Letters or affidavits from friends or family members, I think these are only good if they can attest to a certain type of hardship. Coworkers and professional colleagues, I mean especially if you’re trying to use a professional for your hardship documents to prove whatever the financial hardship is, mortgage statements, school loan statements, credit card bills. If you’re going to use country conditions, you’ve got to use reputable sources. I mean I always try to use the government sources, themselves.
The U.S. Department of State puts out country condition reports, background notes; if I don’t find what I’m looking for there, then I’ll go like, maybe, to CNN or New York Times, something like that. You want to clearly lay out – in the U.S. citizen or permanent resident affidavit, you want to very clearly lay out what are the grounds of hardships. You don’t want the officer to be trying to figure it out. It needs to be super clear, and all the evidence that you put in has to be directly related to whatever these grounds of hardship are.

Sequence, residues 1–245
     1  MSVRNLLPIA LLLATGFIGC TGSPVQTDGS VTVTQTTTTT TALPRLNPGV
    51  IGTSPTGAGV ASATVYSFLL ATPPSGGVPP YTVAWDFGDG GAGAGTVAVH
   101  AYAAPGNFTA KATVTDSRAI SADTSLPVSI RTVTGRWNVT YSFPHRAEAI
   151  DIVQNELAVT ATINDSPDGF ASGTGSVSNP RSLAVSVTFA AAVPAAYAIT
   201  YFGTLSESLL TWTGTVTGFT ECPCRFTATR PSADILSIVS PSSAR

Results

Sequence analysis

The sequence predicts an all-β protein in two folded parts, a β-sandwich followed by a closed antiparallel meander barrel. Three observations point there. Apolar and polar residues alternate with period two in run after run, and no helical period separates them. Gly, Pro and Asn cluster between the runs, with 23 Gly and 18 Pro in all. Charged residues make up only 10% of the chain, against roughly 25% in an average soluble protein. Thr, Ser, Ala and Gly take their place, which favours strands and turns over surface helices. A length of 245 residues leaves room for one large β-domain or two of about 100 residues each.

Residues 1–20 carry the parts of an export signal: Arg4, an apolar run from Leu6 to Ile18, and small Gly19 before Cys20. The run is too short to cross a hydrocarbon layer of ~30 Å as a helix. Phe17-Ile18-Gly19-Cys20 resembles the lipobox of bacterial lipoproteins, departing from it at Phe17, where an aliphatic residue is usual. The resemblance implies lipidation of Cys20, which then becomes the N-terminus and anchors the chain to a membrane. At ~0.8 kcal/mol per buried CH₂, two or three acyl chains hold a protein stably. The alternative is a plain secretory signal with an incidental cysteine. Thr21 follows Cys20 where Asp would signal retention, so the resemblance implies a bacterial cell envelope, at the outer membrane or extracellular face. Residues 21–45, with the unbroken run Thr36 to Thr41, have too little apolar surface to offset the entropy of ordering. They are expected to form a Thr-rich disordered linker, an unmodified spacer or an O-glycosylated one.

Murali Bashyam: And you mentioned earlier, filing it at the U.S. Consulate verses filing it the United States, if you’re eligible to file it in the United States, generally speaking, how long does it take to get one of these I-601 waivers processed?
Ame Coats: Well, if you’re filing it outside of the United States, it really depends. Every USCIS office across the world is different with their processing times. Like, for example, if you were filing a waiver in Honduras, you’re probably looking at about nine months. However, in Mexico, they have a special program now where after you go to your visa interview, and if you’ve been declared inadmissible, they’ll set up an appointment for you so that you can present the wavier in person a couple of weeks later. And in many instances, it gets approved on the spot. So it really depends.